Josephine St. Pierre Ruffin was an African-American publisher, journalist, civil rights leader,suffragist, and editor of Women’s Era, the first newspaper published by and for African-American women. It was used to highlight the achievements of African American women and to champion black women’s rights.
During the Civil War, She was involved in various civil rights causes, charity work, and the women’s suffrage movement. In 1879 she established the Boston Kansas Relief Association, a charity organisation that provided food and clothing to black Bostonians who were migrating to Kansas. Her philanthropic work brought her in contact with many eminent white and black leaders.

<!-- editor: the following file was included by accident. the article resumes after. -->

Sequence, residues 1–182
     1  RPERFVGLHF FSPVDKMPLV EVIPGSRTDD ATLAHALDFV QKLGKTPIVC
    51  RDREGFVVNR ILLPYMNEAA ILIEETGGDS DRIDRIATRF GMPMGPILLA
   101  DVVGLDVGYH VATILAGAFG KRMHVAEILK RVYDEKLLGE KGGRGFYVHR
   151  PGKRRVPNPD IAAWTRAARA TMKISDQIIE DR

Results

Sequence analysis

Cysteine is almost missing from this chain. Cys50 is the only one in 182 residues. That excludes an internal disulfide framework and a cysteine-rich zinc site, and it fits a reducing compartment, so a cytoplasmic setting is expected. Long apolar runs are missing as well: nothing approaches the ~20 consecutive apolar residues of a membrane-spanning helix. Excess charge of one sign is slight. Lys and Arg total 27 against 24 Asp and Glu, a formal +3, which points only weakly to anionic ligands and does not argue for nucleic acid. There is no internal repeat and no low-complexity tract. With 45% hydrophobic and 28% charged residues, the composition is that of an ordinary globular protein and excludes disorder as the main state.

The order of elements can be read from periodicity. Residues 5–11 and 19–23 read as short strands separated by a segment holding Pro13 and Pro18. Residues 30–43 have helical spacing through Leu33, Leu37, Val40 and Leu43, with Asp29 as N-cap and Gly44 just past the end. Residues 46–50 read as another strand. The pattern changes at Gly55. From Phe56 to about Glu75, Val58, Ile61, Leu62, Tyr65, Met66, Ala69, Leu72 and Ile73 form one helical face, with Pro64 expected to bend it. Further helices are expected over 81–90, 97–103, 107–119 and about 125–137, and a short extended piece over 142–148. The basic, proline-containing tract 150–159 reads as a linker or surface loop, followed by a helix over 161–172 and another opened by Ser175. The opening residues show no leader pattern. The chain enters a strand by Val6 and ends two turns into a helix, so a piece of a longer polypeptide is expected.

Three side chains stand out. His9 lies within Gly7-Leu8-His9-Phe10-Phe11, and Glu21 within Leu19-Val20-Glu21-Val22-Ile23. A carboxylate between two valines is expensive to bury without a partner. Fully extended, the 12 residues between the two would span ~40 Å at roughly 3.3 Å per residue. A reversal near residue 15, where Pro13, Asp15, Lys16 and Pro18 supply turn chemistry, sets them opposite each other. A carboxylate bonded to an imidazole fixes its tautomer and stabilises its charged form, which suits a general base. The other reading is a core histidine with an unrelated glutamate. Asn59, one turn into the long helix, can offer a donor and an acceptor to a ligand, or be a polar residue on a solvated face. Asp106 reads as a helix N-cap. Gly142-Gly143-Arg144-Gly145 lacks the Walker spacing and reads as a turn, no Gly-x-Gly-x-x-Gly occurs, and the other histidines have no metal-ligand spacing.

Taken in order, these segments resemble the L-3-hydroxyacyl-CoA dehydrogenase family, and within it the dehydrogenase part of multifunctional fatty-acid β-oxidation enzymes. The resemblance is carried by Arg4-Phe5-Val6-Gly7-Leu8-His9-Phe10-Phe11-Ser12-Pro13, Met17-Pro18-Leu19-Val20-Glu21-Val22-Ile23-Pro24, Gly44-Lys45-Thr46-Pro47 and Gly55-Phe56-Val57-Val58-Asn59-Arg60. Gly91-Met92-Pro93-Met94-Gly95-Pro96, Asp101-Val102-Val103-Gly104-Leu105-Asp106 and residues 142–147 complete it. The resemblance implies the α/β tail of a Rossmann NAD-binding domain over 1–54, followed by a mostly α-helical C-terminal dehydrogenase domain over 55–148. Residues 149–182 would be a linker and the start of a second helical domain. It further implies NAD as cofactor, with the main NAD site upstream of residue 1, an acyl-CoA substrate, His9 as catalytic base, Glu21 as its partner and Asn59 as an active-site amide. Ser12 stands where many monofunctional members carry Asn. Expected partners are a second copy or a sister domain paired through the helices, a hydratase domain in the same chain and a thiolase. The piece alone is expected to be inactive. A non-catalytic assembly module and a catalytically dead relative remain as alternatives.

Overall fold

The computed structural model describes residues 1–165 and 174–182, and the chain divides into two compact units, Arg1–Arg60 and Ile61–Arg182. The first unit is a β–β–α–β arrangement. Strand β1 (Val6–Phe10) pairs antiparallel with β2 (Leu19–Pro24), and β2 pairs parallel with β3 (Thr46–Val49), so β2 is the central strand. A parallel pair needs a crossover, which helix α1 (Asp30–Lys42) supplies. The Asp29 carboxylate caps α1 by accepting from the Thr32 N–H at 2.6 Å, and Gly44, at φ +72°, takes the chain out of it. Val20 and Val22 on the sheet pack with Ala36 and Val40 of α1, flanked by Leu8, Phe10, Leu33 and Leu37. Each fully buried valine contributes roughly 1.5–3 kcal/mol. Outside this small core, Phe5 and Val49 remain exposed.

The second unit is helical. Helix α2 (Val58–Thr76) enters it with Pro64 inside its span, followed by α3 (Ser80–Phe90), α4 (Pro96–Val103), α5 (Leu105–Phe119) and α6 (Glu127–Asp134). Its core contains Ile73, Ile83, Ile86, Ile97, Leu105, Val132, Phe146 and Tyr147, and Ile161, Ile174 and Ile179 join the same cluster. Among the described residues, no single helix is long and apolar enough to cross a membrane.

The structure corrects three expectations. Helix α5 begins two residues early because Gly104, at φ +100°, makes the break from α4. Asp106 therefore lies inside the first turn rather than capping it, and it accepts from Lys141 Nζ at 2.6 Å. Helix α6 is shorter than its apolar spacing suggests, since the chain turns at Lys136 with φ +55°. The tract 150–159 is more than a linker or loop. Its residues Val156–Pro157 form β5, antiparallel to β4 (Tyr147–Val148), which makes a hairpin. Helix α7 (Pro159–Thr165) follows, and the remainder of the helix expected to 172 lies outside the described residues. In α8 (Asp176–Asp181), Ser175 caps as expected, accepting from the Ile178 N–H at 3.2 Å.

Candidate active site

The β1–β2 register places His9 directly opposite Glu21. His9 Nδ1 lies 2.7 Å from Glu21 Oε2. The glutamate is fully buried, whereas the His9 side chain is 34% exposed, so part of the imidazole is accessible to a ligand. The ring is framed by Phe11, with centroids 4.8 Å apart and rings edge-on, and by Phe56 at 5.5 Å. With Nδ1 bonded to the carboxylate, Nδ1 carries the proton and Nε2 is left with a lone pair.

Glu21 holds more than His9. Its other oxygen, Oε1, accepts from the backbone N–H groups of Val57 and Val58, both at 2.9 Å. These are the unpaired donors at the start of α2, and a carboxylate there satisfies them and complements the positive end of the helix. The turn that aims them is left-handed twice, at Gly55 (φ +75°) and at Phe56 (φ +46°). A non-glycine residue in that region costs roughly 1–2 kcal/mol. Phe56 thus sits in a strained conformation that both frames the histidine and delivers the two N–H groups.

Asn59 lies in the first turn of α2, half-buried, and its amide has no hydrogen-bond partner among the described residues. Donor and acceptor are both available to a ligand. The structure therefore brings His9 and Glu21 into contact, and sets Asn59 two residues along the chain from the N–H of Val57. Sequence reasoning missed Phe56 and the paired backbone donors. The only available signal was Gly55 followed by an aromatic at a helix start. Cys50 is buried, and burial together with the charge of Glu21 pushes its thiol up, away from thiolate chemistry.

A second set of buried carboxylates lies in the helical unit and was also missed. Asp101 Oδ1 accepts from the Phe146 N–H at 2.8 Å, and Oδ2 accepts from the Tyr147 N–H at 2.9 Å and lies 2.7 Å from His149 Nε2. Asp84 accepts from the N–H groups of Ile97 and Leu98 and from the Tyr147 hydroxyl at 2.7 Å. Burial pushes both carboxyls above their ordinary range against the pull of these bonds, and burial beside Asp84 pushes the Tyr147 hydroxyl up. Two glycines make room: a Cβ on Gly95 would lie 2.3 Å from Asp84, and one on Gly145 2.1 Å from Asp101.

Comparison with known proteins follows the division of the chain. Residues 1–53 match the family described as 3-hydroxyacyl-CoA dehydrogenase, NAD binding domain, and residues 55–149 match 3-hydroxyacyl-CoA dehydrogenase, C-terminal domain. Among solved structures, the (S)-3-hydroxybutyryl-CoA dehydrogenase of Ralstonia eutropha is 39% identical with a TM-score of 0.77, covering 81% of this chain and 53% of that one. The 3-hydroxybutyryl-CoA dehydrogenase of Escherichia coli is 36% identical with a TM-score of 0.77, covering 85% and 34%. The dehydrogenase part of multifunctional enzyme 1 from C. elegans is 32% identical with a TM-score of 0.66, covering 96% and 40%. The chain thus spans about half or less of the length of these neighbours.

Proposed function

Josephine organised the National Federation of Afro-American Women. She convened the first national conference in Boston, which was attended by 100 women from 20 clubs in 10 states. The following year, the organization merged with the Colored Women’s League to form the National Association of Colored Women’s Clubs (NACWC). Mary Church Terrell was elected president and Ruffin served as one of the organization’s vice-presidents. Although the Women’s Era Club later disbanded, Ruffin remained active and became one of the founding members of the Boston NAACP.